Ben Goldacre on why science and medicine must be criticised
In a BBC World Service documentary out today – made with the BBC Radio science unit, rather than current affairs – we explain why science is different, and why it is dangerous to have laws that restrict the everyday scrutiny of each others’ ideas and practices that scientists and doctors necessarily engage in.
Under the current libel laws, reading about cases such as Wilmshurst’s, Thomsen’s, Singh’s and my own, scientists and doctors are increasingly aware that every utterance could have bizarre and unpredictable legal consequences; that even if you’re proved right, a case may still take years of working unpaid every evening and weekend, and hundreds of thousands of pounds you cannot spare.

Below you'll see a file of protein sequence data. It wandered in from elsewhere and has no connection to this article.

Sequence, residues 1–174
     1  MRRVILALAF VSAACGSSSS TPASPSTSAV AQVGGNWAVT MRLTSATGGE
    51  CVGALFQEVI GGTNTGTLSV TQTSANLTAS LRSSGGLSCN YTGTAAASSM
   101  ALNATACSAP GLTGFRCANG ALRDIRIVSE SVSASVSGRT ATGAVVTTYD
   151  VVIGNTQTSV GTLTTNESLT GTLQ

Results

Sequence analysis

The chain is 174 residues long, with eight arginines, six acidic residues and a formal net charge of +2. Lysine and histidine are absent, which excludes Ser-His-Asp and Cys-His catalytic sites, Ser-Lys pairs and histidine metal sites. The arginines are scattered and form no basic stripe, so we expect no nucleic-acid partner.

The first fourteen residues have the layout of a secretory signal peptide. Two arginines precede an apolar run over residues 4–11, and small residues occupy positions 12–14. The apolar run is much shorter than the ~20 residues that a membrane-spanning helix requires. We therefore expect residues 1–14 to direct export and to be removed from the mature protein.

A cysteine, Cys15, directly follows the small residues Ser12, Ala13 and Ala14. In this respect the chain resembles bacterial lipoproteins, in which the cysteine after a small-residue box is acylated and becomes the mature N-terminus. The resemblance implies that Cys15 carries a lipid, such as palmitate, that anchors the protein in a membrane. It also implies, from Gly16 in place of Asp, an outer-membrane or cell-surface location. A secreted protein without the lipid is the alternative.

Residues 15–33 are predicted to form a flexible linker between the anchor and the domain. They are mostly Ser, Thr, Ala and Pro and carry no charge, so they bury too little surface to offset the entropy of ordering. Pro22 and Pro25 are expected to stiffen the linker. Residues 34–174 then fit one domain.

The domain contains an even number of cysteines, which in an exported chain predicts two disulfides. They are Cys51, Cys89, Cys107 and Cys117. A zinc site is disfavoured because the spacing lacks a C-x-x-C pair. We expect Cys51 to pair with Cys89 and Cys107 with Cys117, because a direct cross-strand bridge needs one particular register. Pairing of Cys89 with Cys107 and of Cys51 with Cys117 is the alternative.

In science and medicine, mutual criticism has a massive societal benefit, because we all benefit from the way it makes medicine safer, but the burden of libel is shouldered entirely by individuals who are unprepared and often unprotected. You cannot reasonably expect scientists to be experts in the details of libel law as well as their own field, and you cannot reasonably expect people to constantly and unpredictably put their families’ homes at stake, just for doing the job we expect of them.
Full article: http://www.guardian.co.uk/commentisfree/2010/dec/08/science-libel-laws-mutual-criticism